On the average seven-day visit to Buenos Aires, dining at a parrilla between two and five times is a likely scenario. And as there’s seemingly a steakhouse on every other corner offering up high-protein experiences, it can be often overwhelming to know what the best steak on the menu is. This TRA guide trims the excess fat so you know exactly which cut to order and where.
When Felicitas Pizarro’s stuffed steak, green salad and chimichurri won Jamie Oliver’s Food Tube Search For A Star competition two years ago, it was more than a turning point for the young Argentine – it was life changing. Discover what this Argentinean young woman and Argento have in common… passion, dedication, creativity…
Ever wondered what makes the Palermo area of Buenos Aires – where fashionable porteños enjoy the excellent shopping, art and cafe culture – the hottest travel destination in Argentina? In the latest video in our “My Argentina” series, The Real Argentina, brought to you by Argento Wine, hits the streets of Palermo to find out what life is all about in Buenos Aires’ most stylish barrio.
Had the Americans put the democrat John Kerry in the White House instead of re-electing George Bush in 2004, things might have been very different. How different is impossible to say, but it certainly changed the life of Michael Evans, one of Kerry’s campaign managers. Desperate for a break after the election defeat, Evans bought a return ticket from Los Angeles to Buenos Aires. “I came literally for a vacation and just expected to be here a couple of weeks.” Eight years on, he’s still there.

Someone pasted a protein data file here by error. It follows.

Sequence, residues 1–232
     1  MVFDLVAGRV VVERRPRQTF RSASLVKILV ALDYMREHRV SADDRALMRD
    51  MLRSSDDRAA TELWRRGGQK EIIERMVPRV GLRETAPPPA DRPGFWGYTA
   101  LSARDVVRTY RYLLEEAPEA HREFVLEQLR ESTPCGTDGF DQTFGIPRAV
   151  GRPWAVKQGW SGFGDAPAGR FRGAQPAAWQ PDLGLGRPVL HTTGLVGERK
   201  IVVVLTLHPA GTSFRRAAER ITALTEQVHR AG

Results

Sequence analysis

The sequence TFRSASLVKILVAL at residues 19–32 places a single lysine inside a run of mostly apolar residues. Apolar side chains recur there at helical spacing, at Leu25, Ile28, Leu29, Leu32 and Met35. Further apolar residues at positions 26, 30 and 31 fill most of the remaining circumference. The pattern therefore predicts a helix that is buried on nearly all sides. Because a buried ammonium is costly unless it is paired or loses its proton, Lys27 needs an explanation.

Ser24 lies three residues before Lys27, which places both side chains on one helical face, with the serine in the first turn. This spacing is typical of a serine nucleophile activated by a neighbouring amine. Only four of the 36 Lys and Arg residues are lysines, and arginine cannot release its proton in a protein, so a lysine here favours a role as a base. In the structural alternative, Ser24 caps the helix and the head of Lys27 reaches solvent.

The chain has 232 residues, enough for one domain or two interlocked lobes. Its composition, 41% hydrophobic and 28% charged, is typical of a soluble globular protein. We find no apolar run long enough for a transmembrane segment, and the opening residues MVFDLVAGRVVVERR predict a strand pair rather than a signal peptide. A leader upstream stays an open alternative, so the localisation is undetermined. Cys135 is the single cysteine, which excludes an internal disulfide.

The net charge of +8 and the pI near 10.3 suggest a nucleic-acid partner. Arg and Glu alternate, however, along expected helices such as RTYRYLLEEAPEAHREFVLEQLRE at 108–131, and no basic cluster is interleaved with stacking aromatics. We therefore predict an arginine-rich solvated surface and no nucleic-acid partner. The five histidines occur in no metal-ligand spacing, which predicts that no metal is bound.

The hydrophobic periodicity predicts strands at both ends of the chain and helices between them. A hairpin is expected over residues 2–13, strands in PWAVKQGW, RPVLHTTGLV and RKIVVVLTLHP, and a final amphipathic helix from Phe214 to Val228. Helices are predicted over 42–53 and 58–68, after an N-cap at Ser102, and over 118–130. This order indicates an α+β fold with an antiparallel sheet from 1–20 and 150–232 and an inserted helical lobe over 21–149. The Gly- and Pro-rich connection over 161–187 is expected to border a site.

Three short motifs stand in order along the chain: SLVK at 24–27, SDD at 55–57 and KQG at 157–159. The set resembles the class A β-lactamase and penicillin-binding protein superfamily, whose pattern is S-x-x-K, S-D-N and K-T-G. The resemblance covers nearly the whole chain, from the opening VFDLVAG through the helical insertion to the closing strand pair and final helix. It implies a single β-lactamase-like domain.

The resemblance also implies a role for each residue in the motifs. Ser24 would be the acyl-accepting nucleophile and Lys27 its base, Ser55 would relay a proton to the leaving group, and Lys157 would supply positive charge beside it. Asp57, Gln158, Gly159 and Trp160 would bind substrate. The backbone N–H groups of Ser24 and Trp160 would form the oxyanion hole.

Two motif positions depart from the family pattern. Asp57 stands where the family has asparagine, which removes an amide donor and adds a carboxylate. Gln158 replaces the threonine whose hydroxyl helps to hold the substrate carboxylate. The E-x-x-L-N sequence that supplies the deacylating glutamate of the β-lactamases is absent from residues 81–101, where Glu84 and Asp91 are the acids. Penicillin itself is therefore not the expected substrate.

You will have heard Gustavo Santaolalla’s music. He may not be a household name everywhere, but his prodigious talent – some have argued genius – has been one of Argentina’s greatest musical exports. Where to begin? Well, there was an Oscar for Ang Lee’s gay cowboy epic Brokeback Mountain soundtrack. Oh, and there was another one the following year for…
Nothing quite prepares you for Gaby Kerpel. In his benchmark album, Carnabailito, he took the sounds, mood and, most importantly, the vibe (or onda as they would say in Argentina) of this stunning part of the country and mixed it, mashed it, messed it until it was, if not quite unrecognisable, then certainly genre defying.
A traditional Latin American Christmas is celebrated on the 24th – known as Noche Buena – not the 25th. The big meal happens after the sun starts to go down, and then it’s straight into party mode, meaning there’s a lot less time (ie none) for TV specials and charades. However, there’s plenty of time for eating.
If you’ve chosen to visit Buenos Aires, you probably enjoy a splash of vino colapso. But don’t let a tiny thing like not speaking Spanish affect your wine tasting in Argentina, as plenty of English-speaking sommeliers are based in BA. Here, three top sommeliers talk about my favourite subject, Argentinian wine
Catching some of Buenos Aires’s most impressive architectural sights can be considerably less painful than a walking guidebook tour, mainly because it involves simply walking up one street
In Buenos Aires, the only thing that is slow is the melancholic tango. As a tourist here you can feel like you’re being whisked away in a tornado – sometimes you just need to escape from the hectic city life before someone orders you to “tranquilo!”